On Mon, Nov 28, 2016 at 05:50:40PM -0800, Christian Convey wrote:
> On Mon, Nov 28, 2016 at 11:23 AM, Nico Williams <n...@cryptonector.com>
> wrote:
> ...
> > JSON Path is not expressive enough (last I looked) and can be mapped
> > onto jq if need be anyways.
> Hi Nico,
> Could you please clarify what you mean by "not expressive enough"?

jq is a functional language that has these and other features:

 - recursion
 - generators
 - lazy evaluation (of sorts)
 - path expressions
 - math functionality (libm, basically)
 - reduction
 - functions
 - and other things

(jq does not have higher-order functions in that functions cannot return
functions and functions are not values, though it does have closures.)

jq is and feels a lot like a SQL, but for JSON.

> I ask because I've been struggling to identify clear requirements for the
> json-path functionality I'm trying to provide.  It sounds like perhaps you
> have something concrete in mind.

SQL imposes structure on data.  Recursion makes SQL structure looser in
the sense that it may not be easy or possible to express certain
desirable schema constraints in SQL terms without resorting to triggers,
say.  Storing documents in XML, JSON, or other such recursion-friendly
formats (perhaps in semantically equivalent but query-optimized forms)
is also a way to avoid strict structure (thus one needs schema
validators for XML, for example).

Less rigid schema constraints do not and should not preclude powerful
query languages.

One could convert such documents to a SQL EAV schema, if one has an
RDBMS with an ANY type (e.g., something like SQLite3's duck typing), and
then use SQL to query them.  But that may be more difficult to use than
a SQL with support for XML/JSON/... and query sub-languages for those.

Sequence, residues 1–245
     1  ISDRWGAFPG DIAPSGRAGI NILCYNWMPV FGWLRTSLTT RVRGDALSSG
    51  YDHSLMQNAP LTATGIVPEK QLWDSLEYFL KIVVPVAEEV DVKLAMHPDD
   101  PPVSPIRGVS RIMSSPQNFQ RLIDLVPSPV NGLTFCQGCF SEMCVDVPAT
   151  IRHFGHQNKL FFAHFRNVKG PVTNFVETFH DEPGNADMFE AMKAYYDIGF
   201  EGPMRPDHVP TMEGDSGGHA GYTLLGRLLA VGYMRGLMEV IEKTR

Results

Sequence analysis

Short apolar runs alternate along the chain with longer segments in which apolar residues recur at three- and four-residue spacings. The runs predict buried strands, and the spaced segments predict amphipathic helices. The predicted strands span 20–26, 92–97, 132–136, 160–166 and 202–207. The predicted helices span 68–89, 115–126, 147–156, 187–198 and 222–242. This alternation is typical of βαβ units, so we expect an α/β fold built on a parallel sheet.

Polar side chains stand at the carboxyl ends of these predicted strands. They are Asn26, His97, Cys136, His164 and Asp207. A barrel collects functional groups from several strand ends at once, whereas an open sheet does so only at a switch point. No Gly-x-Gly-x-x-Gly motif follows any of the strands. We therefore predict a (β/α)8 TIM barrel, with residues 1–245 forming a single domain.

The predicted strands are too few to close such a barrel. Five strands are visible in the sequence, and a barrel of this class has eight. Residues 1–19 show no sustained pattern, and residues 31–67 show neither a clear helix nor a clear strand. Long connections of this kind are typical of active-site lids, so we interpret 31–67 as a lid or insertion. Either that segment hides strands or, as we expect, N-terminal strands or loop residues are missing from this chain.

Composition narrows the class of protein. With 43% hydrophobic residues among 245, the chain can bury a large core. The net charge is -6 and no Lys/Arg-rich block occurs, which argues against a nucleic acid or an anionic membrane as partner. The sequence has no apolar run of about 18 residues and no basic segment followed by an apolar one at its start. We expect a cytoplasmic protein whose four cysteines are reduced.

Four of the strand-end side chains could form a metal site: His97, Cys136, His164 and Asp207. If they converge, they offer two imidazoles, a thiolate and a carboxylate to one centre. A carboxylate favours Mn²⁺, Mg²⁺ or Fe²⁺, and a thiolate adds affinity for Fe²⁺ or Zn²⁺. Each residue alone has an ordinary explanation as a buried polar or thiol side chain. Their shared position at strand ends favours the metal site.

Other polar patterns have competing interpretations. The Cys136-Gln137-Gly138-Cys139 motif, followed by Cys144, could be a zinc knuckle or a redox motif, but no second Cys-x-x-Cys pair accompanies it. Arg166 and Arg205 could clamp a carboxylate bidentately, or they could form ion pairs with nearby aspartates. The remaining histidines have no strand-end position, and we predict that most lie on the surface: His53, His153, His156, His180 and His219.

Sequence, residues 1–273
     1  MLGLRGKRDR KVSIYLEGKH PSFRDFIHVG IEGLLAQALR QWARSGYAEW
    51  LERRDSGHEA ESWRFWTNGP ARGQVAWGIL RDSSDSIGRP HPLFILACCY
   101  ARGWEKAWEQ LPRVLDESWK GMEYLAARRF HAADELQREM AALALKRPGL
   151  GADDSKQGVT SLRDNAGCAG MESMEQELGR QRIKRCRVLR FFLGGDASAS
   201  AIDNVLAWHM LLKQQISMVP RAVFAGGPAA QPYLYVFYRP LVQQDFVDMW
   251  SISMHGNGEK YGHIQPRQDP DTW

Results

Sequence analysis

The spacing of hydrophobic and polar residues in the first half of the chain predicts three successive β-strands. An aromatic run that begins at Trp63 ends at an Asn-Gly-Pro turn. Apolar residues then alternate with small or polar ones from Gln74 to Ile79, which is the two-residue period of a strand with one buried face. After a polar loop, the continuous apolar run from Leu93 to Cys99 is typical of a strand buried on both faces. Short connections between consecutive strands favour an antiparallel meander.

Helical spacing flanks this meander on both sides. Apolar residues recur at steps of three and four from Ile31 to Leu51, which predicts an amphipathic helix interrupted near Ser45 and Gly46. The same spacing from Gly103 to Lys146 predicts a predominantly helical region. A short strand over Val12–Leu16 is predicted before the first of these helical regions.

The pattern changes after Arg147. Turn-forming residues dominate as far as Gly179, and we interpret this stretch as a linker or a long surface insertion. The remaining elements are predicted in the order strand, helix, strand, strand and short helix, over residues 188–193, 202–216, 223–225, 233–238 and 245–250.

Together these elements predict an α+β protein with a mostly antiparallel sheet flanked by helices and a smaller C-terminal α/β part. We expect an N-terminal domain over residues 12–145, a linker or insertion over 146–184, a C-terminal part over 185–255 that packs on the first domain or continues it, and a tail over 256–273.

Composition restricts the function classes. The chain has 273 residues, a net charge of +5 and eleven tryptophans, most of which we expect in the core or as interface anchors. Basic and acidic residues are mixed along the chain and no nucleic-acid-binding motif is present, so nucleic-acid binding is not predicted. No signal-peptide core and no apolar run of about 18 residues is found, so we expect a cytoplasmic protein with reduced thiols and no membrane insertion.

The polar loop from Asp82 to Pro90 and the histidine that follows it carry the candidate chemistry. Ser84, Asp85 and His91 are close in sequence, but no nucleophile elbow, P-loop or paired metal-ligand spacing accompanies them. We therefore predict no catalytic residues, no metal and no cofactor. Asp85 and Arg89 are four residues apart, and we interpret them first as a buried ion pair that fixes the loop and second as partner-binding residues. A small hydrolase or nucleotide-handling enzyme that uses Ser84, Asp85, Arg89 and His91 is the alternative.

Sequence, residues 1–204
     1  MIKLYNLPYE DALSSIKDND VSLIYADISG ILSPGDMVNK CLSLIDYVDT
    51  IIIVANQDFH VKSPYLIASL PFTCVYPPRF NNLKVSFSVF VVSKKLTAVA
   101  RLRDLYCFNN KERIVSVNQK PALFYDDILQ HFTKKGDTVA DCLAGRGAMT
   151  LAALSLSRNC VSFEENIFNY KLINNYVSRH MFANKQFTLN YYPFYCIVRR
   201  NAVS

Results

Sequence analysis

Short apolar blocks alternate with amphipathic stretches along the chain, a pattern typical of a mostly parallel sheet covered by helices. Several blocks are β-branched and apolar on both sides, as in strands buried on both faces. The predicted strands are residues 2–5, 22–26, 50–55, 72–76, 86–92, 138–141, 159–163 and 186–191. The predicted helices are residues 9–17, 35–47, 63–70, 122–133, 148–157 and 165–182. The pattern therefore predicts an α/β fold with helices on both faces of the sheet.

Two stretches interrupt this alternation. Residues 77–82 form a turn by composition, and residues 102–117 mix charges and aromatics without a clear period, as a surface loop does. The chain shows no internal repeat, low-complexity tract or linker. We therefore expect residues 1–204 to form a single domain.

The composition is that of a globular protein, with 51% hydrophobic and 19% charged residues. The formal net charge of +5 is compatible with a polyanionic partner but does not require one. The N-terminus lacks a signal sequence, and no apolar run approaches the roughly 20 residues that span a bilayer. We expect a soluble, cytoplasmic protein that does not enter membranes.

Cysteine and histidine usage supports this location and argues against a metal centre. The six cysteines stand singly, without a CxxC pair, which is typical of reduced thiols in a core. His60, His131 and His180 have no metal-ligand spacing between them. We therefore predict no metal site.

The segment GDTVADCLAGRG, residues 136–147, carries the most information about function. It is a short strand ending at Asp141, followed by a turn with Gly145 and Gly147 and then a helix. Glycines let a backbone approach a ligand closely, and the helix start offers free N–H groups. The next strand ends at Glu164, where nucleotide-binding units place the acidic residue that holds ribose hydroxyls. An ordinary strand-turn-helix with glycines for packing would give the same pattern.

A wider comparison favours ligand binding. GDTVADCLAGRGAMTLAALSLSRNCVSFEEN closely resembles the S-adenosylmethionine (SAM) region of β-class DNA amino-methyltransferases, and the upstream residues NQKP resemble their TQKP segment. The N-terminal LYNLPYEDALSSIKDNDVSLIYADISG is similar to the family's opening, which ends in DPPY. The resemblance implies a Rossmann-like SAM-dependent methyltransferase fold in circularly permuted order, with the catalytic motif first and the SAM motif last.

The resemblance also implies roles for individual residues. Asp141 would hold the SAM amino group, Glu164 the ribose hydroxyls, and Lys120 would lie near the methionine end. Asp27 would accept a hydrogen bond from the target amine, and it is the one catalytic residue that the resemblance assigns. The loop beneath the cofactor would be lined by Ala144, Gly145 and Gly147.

SQL is very powerful.  One might like to have similarly powerful,
format-specific query languages for documents stored in XML, JSON,
etcetera, in a SQL RDBMS.  jq is such a language, for JSON documents.
Ditto XPath/XSLT, for XML.  While XPath is expressive and compact, XSLT
is rather verbose; jq is as expressive as XSLT, but with the compact
verbosity of XPath.

> Since I myself have no need currently for this functionality, I'm left
> guessing about hypothetical users of it.  My current mental model is:

That's a bit like asking what is the use for SQL :^)  The point is that
SQL is a powerful query language, and so is jq.  Each is appropriate to
its own domain; both could be used together.

> (a) Backend web developers.  AFAICT, their community has mostly settled on
> the syntax/semantics proposed by Stefan Groessner.  It would probably be
> unkind for PG's implementation to deviate from that without a good reason.

I can't speak for the community.  I wouldn't take it personally that jq
be not chosen, nor any other proposal of mine.  If it's politically
easier, then do that.

> (b) PG hackers who will eventually implement the ISO SQL standard
> operators.  In the standards-committee meeting notes I've seen, it seemed
> to me that they were planning to define some operators in terms of
> json-path expression.  So it would probably be good if whatever json-path
> function I implement turns out to comply with that standard, so that the
> PG-hackers can use it as a building block for their work.

These could still be implemented (e.g., using jq itself).

> (c) Pavel.  (I'm still somewhat unclear on what has him interested in this,
> and what his specific constraints are.)



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